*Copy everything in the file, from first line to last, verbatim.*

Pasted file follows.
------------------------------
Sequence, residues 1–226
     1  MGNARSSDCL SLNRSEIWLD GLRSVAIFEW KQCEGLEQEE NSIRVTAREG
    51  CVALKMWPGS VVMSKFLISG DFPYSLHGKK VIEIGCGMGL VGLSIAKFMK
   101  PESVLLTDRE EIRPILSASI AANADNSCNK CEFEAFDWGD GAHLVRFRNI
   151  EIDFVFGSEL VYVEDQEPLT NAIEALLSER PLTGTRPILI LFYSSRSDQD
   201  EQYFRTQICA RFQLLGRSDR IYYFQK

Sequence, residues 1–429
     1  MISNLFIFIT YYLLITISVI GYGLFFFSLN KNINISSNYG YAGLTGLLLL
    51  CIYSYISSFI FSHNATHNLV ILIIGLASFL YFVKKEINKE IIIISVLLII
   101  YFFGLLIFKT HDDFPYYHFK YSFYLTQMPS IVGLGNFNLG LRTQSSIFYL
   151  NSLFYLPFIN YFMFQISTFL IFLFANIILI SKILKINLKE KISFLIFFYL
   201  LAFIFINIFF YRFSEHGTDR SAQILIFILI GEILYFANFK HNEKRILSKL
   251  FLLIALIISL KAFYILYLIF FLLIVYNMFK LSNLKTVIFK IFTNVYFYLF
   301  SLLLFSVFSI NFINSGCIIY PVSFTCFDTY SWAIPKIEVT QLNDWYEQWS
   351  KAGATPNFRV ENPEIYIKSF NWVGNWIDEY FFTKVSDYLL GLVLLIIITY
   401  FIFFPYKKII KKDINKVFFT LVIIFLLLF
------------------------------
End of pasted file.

Sequence, residues 1–226
     1  MGNARSSDCL SLNRSEIWLD GLRSVAIFEW KQCEGLEQEE NSIRVTAREG
    51  CVALKMWPGS VVMSKFLISG DFPYSLHGKK VIEIGCGMGL VGLSIAKFMK
   101  PESVLLTDRE EIRPILSASI AANADNSCNK CEFEAFDWGD GAHLVRFRNI
   151  EIDFVFGSEL VYVEDQEPLT NAIEALLSER PLTGTRPILI LFYSSRSDQD
   201  EQYFRTQICA RFQLLGRSDR IYYFQK

Sequence, residues 1–429
     1  MISNLFIFIT YYLLITISVI GYGLFFFSLN KNINISSNYG YAGLTGLLLL
    51  CIYSYISSFI FSHNATHNLV ILIIGLASFL YFVKKEINKE IIIISVLLII
   101  YFFGLLIFKT HDDFPYYHFK YSFYLTQMPS IVGLGNFNLG LRTQSSIFYL
   151  NSLFYLPFIN YFMFQISTFL IFLFANIILI SKILKINLKE KISFLIFFYL
   201  LAFIFINIFF YRFSEHGTDR SAQILIFILI GEILYFANFK HNEKRILSKL
   251  FLLIALIISL KAFYILYLIF FLLIVYNMFK LSNLKTVIFK IFTNVYFYLF
   301  SLLLFSVFSI NFINSGCIIY PVSFTCFDTY SWAIPKIEVT QLNDWYEQWS
   351  KAGATPNFRV ENPEIYIKSF NWVGNWIDEY FFTKVSDYLL GLVLLIIITY
   401  FIFFPYKKII KKDINKVFFT LVIIFLLLF